Godfrey’s Guide: Shiso, Two Ways
Shiso, Two Ways
As the bartender shook together fresh green shiso leaves with vodka, lemon, wheatgrass, aloe, and ice—I was at the bar at Nix, the insanely delicious vegetarian restaurant just off Union Square—it was impossible not to think of making perfume. Perfumery—the ancient, natural, non-toxic practice of clean perfumery, that is—shares much of its alchemy with artisanal cocktail-mixing: Alcohol draws out the essence of whatever plant is infused into it, delivering that essence, and all its benefits, to the senses.
In the case of shiso, the scents and flavors drawn out are exquisite: An herb with a long history in both Japanese cooking and medicine, shiso leaf smells and tastes fresh—and depending on who you ask, a bit like cinnamon, or basil or even cilantro (it’s a member of the mint family). To me, it has a touch of warm saltiness that, combined with the freshness, reminds me of the ocean, or a mineral-y Sancerre.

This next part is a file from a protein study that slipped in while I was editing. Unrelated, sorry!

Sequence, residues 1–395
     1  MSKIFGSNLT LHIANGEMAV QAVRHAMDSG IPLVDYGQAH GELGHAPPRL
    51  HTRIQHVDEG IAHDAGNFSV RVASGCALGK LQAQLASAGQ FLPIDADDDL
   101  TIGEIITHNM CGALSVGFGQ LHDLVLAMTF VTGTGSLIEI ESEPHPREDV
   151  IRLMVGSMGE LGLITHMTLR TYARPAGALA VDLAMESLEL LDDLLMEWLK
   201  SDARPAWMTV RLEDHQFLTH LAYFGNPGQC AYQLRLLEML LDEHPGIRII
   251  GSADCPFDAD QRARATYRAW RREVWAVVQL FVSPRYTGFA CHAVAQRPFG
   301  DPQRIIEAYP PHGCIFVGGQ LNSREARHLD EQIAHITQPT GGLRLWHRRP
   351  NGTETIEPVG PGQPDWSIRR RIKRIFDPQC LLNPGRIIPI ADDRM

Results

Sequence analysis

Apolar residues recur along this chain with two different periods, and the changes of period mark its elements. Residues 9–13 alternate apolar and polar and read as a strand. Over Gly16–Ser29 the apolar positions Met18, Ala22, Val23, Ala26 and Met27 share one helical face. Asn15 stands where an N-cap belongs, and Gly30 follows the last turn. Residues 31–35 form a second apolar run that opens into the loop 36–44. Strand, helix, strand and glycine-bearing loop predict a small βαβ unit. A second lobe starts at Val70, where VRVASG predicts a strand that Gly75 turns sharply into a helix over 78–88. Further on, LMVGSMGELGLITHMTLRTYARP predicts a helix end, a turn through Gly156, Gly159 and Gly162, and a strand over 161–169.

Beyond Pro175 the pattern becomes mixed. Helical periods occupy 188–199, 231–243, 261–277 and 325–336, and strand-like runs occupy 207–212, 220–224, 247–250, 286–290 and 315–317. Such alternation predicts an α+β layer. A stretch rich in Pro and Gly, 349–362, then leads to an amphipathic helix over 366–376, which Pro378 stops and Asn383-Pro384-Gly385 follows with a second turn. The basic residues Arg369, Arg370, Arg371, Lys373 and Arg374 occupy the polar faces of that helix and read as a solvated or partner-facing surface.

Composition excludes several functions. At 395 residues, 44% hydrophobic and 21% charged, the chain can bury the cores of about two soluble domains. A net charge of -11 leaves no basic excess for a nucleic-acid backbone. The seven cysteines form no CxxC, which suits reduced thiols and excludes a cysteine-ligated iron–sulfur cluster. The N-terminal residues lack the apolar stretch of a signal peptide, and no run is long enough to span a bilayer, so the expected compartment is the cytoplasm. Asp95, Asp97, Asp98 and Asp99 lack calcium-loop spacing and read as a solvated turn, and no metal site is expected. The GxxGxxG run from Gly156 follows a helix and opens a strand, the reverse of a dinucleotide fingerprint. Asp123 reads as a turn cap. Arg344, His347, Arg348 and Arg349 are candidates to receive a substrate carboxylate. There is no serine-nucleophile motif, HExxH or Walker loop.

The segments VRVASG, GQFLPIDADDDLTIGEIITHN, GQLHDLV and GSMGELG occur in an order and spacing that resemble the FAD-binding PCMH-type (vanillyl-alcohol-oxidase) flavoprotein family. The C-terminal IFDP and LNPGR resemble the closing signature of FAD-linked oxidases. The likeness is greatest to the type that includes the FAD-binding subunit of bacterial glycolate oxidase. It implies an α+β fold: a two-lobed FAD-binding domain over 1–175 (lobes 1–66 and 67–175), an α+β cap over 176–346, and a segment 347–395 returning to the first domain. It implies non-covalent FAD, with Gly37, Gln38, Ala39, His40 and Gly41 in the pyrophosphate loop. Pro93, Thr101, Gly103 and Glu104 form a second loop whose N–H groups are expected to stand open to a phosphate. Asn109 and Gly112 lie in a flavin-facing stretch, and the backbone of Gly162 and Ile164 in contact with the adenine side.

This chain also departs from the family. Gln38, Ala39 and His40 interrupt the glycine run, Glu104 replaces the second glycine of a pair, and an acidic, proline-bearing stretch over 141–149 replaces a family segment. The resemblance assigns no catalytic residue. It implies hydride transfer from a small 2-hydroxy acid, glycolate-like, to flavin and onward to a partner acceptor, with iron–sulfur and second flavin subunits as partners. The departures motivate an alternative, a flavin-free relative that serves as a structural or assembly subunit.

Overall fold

It’s an unusual ingredient in scent; perfumer Douglas Little and GP hit on it when they were creating goop’s edition 02 fragrance. “We wanted that feeling of crushed new leaves and stems,” recalls GP. “And a bit of…earthy forest floor. We smelled the shiso and instantly, it was like, wow. This it.”
The beauty of a natural fragrance, as with a handmade cocktail, it that wearer or drinker enjoys benefits beyond the senses: Shiso is said to align us more powerfully with the vibrations and rhythms of the seasons and cycles of the earth—and in our bodies, it can strengthen energy, regulate chi, improve memory, treat colds, and rejuvenate skin—among other physical/spiritual/emotional benefits.
“It’s this gorgeous subtle scent, with all these mystical qualities,” says Little, whose miraculous old leather box—called a perfume organ—is full of vials and tinctures. “All perfumers had them in the days before synthetics,” he says. Little mixes the essences (including the shiso) in organic sugarcane alcohol; the whole operation is decidedly cocktail-ish. But if you want to drink it as well as wear it, drop into Nix this summer for the cocktail (or follow the recipe here). The cocktail is especially good with the spicy cauliflower tempura with steamed buns; you could tuck a shiso leaf in among the house pickles, just for good measure.